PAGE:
Thursday, March 14, 2024

Manhunt, on Apple TV+

In John Ford’s classic Prisoner of Shark Island, Dr. Samuel Mudd is portrayed as an innocent man unjustly convicted of abetting the assassination of Abraham Lincoln. That view has predominated in the media, thanks to the efforts of the Mudd family, who elicited a letter from Jimmy Carter attesting to their ancestor’s innocence. Not so fast argued historian James L. Swanson, who linked Mudd to John Wilkes Booth well before the assassination. Edwin Stanton makes the case against Mudd and the rest of the co-conspirators, even including Jefferson Davis, in creator Monica Beletsky’s seven-episode Manhunt, adapted from Swanson’s book, which premieres tomorrow on Apple TV+.

Lee has just surrendered, so Pres. Lincoln will finally enjoy an evening at the theater, against the advice of his Secretary of War, Edwin Stanton. For those wondering, Lincoln’s friend and bodyguard, Ward Hill Lamon, the subject of
Saving Lincoln, does not appear in Manhunt. Obviously, Lamon’s substitute that night was not as diligent.

Grieving his friend, Stanton immediately takes charge of the investigation. Given Booth’s apparent involvement in an underground Confederate fifth column network, the manhunt falls under his jurisdiction. However, Stanton also understands the need to assert and maintain his authority, because he mistrusts the new president, Andrew Johnson, a unionist Southern Democrat, who was put on the ticket to shore up border state support. Right from the start, Johnson clearly signals his intention to scale back Reconstruction. However, he supports Stanton’s relentless hunt for Booth, especially since he was also one of the cabal’s targets.

The Mudd family is not going to enjoy
Manhunt, because it unequivocally portrays him as an accomplice, at least after the fact, as well as a racist and often violently abusive former slave-owner. Indeed, it would be a mistake to call Manhunt revisionist history. It is more like revisionist-revisionist history. After years of portrayals of Mudd as a railroaded Samaritan and Johnson as the victim of partisan politics, Beletsky and company, by way of Swanson, argue they were both villains who profoundly damaged our country. Frankly, after watching Manhunt viewers will wonder why Kennedy and Ted Sorenson included one of the Republican Senators who voted against convicting Johnson in Profiles in Courage.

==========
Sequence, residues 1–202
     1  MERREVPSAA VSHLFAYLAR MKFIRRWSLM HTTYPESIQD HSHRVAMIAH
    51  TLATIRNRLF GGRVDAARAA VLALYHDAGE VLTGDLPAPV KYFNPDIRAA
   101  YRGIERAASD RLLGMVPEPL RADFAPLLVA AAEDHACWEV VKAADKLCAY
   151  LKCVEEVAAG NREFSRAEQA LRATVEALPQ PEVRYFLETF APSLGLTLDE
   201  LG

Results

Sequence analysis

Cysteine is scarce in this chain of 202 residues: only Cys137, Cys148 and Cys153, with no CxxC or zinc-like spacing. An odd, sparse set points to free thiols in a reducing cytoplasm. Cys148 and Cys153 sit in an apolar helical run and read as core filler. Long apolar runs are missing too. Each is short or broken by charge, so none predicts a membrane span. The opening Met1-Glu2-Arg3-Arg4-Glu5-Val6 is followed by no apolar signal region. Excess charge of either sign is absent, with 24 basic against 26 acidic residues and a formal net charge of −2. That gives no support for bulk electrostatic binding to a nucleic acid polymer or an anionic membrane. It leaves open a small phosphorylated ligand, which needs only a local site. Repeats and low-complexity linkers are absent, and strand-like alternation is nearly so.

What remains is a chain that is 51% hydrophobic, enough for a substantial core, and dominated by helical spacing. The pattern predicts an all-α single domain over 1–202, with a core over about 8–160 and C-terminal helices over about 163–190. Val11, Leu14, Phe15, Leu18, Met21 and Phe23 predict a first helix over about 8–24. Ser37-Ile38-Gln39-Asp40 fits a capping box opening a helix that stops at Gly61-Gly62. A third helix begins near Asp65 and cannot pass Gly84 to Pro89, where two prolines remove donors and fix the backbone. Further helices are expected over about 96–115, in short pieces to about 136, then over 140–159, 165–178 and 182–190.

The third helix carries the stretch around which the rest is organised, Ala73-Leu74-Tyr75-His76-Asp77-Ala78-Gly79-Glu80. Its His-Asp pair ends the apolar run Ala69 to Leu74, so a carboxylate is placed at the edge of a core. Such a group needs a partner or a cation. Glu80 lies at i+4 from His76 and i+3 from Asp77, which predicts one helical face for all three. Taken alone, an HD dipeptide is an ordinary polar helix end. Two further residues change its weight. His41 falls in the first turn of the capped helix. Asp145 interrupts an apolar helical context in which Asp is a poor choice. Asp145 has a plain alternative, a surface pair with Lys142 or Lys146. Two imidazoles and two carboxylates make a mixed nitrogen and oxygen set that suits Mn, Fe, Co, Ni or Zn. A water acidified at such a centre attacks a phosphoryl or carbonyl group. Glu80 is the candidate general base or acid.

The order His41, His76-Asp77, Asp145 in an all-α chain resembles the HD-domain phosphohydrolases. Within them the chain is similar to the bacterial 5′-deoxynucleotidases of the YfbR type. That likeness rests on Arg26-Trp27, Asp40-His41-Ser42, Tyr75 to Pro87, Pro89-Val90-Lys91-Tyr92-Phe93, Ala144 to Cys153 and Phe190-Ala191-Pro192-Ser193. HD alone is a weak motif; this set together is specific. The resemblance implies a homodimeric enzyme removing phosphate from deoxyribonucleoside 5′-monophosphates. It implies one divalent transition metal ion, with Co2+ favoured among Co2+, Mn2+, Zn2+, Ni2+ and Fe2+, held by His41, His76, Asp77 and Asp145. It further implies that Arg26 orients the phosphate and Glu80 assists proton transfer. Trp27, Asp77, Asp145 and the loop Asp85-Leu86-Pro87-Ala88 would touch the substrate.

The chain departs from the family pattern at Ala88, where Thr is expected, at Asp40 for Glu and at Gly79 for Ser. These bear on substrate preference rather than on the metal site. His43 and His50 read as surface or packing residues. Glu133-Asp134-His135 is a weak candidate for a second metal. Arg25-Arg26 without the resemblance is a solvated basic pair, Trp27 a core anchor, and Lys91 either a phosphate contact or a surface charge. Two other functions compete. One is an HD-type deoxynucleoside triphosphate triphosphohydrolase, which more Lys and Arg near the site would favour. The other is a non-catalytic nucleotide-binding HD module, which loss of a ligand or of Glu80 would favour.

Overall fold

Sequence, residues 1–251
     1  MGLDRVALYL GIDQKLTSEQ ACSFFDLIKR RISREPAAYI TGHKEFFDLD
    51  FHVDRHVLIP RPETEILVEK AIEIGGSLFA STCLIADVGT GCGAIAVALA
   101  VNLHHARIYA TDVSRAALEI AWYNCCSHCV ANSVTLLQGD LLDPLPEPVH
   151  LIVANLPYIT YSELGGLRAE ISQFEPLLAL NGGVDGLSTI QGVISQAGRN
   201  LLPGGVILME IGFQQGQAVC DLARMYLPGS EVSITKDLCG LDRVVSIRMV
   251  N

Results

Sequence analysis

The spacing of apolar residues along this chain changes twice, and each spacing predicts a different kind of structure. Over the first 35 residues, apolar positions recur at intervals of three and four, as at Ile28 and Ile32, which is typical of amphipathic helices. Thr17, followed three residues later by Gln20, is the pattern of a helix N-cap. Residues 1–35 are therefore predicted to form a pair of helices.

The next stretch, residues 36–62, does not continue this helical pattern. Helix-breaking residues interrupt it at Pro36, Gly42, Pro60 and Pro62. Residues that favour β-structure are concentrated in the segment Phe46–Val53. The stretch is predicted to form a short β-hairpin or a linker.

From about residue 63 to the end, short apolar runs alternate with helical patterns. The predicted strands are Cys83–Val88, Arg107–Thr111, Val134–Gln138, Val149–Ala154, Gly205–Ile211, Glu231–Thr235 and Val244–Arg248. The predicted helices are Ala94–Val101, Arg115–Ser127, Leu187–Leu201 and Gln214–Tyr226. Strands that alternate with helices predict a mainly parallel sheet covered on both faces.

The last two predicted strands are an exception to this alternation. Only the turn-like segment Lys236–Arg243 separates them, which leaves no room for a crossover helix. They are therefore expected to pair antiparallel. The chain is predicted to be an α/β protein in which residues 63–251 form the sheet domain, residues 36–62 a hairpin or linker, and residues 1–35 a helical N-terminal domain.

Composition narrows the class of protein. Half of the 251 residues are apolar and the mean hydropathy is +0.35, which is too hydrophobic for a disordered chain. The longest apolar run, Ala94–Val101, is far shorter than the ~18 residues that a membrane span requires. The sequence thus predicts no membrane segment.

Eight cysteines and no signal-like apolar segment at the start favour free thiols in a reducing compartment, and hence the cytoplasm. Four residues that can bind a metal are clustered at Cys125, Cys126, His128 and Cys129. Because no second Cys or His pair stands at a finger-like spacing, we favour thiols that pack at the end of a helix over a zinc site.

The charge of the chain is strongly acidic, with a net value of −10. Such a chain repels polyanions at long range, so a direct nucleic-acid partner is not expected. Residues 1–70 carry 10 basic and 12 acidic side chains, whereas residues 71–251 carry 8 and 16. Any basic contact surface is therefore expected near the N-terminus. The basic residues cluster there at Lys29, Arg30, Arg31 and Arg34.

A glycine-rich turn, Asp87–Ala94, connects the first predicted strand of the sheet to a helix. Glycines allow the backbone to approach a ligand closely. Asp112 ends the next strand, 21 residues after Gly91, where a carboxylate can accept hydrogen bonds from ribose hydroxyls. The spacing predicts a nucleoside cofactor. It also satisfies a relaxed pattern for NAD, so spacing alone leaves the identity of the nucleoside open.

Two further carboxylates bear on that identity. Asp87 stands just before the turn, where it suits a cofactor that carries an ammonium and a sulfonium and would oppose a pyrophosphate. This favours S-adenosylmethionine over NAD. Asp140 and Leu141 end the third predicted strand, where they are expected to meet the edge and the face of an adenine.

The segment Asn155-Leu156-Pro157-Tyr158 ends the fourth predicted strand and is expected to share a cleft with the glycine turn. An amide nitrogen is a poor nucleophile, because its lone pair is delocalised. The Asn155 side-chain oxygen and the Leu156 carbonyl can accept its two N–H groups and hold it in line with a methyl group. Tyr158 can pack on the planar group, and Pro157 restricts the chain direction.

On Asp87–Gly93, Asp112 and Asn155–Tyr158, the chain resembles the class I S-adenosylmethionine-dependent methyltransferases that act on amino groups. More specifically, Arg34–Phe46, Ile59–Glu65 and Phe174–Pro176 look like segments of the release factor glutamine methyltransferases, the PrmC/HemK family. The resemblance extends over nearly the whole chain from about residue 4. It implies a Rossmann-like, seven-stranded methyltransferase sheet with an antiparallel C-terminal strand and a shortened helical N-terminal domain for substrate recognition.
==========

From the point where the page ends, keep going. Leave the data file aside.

Beyond that,
Manhunt is a decent dragnet-thriller and even better political thriller. Stanton’s pursuit of Booth is just as important as his efforts to maintain the scope of Reconstruction. They are different manifestations of the same desire to preserve and defend America. Series directors Carl Franklin (One False Move and Devil in a Blue Dress) and John Dahl (Red Rock West and The Last Seduction) clearly know how to build suspense on both the large and small screens, which definitely broadens the accessibility of Manhunt. However, the history and politics are never dumbed-down.

Tobias Menzies is also terrific as Stanton, portraying him as a keenly intelligent man of principles, who does not suffer fools gladly. However, he also expresses all the grief and idealism that made him so compatible with Lincoln. Glenn Morshower (Agent Pierce in
24) is appropriately slimy as Johnson, in a flamboyant but not cartoony kind of way. In contrast, Patton Oswalt is badly miscast as Union Army intelligence chief Lafayette Baker. He looks conspicuously out of place, because he lacks sufficient gravity.

Blumhouse regular Betty Gabriel adds a lot of depth and soul in the relatively small role of Elizabeth Keckley, Mary Lincoln’s friend and former servant. Yet, Lovie Simone really delivers an emotional body blow to Mudd’s reputation as Mary Simms, the doctor’s former slave and much exploited housekeeper.

Anthony Boyle is annoyingly verbose as arrogant, self-mythologizing Booth, but that might make him unpleasantly true to life. However, Matt Walsh’s cold, contemptuous nastiness as Mudd is bitterly chilling.

should be considered a patriotic series, because it celebrates great Americans like Lincoln and Stanton, while also scorning those who took up arms against their country. It should give viewers a fuller understanding of the true enormity of the Lincoln Assassination. Highly recommended for fans of historical thrillers and period dramas, Manhunt starts streaming tomorrow (3/15) on Apple TV+.